Ghana Oil Company Limited (GOIL), the only indigenous downstream oil marketing company in the country has set a petroleum deregulation benchmark of constantly quoting the lowest price since the exercise started on June 16.
At the fourth consecutive de-regulation price review which spans from August 1, to August 16, GOIL has reduced the price of petrol from GH¢ 3.46 per litre to GH¢ 3.310 per litre, and diesel from GH¢ 3.07 per litre to GH¢ 2.895 per litre.
Engen Ghana Limited is also quoting GH¢ 3.310 per litre for petrol and GH¢ 2.895 per litre for diesel across its 25 filling stations nationwide.
A Ghana News Agency (GNA) team monitoring the price review indicates that Total Ghana Limited has also pegged the price at GH¢ 3.358 per litre for petrol from GH¢ 3.53 per litre and GH¢2.955 per litre for diesel also from GH¢ 3.14 at the July 16 review.
Shell Ghana Limited is also quoting GH¢ 3.430 per litre for petrol from GH¢ 3.49 per litre and GH¢ 2.990 per litre for diesel from GH¢ 3.10 per litre.
GNA investigations indicate that other OMCs have adopted marketing price monitoring strategy to check the price of petroleum products quoted by the major OMCs before they release their prices to remain competitive.
The prices review of petroleum products is in conformity with the de-regulation of petroleum products which took effect from June 16.
The reduction was attributed to the marginal stabilisation of the local currency the cedi to other major currencies and the world crude oil price during the fourth de-regulated pricing regime for the period.
In an interview with the GNA, Mr Patrick Kwame Akpe Akorli, GOIL Managing Director, explained that consumers are reaping huge benefits from the de-regulated regime.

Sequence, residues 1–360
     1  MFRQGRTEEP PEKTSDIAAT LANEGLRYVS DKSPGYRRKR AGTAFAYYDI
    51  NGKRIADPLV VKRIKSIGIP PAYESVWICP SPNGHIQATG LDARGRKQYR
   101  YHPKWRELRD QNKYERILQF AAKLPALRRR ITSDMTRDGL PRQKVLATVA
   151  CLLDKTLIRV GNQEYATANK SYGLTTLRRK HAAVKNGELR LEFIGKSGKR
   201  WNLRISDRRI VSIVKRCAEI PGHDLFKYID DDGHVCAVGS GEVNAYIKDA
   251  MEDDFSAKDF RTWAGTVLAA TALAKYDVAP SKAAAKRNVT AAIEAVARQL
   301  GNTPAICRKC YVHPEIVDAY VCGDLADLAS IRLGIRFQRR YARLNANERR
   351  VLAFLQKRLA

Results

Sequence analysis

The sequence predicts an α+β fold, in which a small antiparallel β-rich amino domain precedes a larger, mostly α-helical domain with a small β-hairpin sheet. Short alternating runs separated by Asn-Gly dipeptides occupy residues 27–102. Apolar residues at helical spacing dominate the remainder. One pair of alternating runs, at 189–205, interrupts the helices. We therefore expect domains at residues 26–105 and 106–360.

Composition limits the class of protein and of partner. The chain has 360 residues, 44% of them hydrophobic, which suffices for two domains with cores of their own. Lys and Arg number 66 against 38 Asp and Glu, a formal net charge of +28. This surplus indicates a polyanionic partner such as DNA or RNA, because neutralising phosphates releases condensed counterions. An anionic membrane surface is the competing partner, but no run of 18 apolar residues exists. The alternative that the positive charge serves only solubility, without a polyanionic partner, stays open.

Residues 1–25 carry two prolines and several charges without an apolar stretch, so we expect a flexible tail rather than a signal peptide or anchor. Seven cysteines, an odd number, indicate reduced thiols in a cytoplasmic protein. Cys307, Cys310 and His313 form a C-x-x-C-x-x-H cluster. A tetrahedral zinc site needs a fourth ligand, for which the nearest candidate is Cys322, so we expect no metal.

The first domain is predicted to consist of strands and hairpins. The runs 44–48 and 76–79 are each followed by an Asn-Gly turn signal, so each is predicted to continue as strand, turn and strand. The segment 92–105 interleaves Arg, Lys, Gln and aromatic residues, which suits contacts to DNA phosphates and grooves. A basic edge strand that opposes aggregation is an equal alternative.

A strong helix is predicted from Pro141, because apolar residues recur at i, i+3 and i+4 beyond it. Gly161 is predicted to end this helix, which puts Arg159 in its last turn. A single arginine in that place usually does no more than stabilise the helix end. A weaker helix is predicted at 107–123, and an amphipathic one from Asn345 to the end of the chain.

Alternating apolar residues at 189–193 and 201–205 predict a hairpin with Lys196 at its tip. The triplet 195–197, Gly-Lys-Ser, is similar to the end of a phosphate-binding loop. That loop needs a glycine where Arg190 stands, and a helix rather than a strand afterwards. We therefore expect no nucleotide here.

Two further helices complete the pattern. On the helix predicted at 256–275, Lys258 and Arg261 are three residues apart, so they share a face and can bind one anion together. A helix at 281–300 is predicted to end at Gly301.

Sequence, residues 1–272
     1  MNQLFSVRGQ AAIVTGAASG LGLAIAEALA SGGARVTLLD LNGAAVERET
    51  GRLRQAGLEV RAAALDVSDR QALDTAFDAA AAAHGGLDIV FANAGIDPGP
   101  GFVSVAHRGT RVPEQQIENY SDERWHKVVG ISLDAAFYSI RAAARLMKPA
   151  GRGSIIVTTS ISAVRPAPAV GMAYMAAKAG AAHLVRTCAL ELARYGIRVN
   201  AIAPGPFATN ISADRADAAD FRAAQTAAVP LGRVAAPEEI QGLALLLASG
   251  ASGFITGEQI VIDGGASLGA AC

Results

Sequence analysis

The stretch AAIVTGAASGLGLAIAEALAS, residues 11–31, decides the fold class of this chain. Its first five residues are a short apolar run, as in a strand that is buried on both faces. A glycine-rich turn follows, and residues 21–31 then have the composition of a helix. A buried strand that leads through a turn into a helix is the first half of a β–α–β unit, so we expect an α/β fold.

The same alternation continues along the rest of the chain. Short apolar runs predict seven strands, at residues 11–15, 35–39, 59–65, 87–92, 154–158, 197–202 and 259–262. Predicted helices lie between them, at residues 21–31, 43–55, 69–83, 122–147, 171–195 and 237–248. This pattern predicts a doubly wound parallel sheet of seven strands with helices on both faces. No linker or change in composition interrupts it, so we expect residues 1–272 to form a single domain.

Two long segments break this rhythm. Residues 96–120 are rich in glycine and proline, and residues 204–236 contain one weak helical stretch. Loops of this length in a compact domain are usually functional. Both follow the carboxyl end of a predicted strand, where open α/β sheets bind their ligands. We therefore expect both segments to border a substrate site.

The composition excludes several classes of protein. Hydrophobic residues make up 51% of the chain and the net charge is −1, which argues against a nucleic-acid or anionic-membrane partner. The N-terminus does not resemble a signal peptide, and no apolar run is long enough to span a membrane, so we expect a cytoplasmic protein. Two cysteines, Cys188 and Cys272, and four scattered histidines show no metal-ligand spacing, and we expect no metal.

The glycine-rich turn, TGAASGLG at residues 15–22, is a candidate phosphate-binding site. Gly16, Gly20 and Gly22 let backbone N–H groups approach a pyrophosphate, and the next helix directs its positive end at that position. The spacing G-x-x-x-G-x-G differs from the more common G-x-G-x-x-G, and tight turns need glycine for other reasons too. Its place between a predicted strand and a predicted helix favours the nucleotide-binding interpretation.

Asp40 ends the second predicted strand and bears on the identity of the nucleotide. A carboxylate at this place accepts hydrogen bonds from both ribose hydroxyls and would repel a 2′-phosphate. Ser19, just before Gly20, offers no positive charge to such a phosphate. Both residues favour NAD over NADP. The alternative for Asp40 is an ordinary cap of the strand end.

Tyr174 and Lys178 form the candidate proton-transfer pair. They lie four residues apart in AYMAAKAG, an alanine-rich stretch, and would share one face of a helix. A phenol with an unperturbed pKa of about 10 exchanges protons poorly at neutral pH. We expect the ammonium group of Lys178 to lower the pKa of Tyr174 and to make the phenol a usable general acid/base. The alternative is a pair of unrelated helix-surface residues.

He said contrary to speculation that a de-regulated regime would create room for the OMCs to form a cartel to cheat consumers; “now we are all experiencing healthy industrial competition among the over 80 OMCs”.
The National Petroleum Authority (NPA) on June 16, issued a statement which was signed by the Chief Executive Officer, Mr Moses Asaga, announcing the first process towards the implementation of the petroleum product price deregulation.
The price was increased by four per cent on June 16; and on July 2 increased by 15 per cent but on July 16, the price was reduced by 14 per cent.
According to NPA, the implementation of the first stage of price deregulation would continue into subsequent pricing windows while the Authority reviews the existing legal framework of petroleum products, pricing towards a smooth implementation of the full steps of petroleum products price deregulation in Ghana.
The OMCs are also under obligations to display their ex-pump prices at their retail outlets, to allow the NPA monitor “the application of the Prescribed Petroleum Pricing Formula, to ensure that all petroleum service providers apply the formula in the right way defaulters would be duly sanctioned”.
The NPA has subsequently directed OMC and LPG Marketing Companies (LPGMCs) to submit their indicative ex-pump prices to NPA two days before every pricing window.
The indicative ex-pump prices submitted by an OMC or LPGMC would represent its maximum indicative price for the two week period – first to 15 and 16 to the end of the month.
In a directive to the OMCs, Bulk Oil Distributing Companies and other industrial stakeholders signed by Mr Jacob Amuah, NPA Technical Director for the Chief Executive and copied to the Ghana News Agency in Accra said.
The directive tagged: “Interim Guidelines for Petroleum Service Providers under-price deregulation,” tasked service providers to adhere strictly to the guidelines to ensure effective transition and smooth implementation of the price liberalisation regime.
The NPA directives also warned Petroleum Service Providers that they cannot price its ex-refinery or ex-pump price higher than the maximum indicative price set for a specific pricing window.
“However, it can revise its ex-pump prices downward within the pricing window if the Petroleum Service Provider chooses,” the statement stated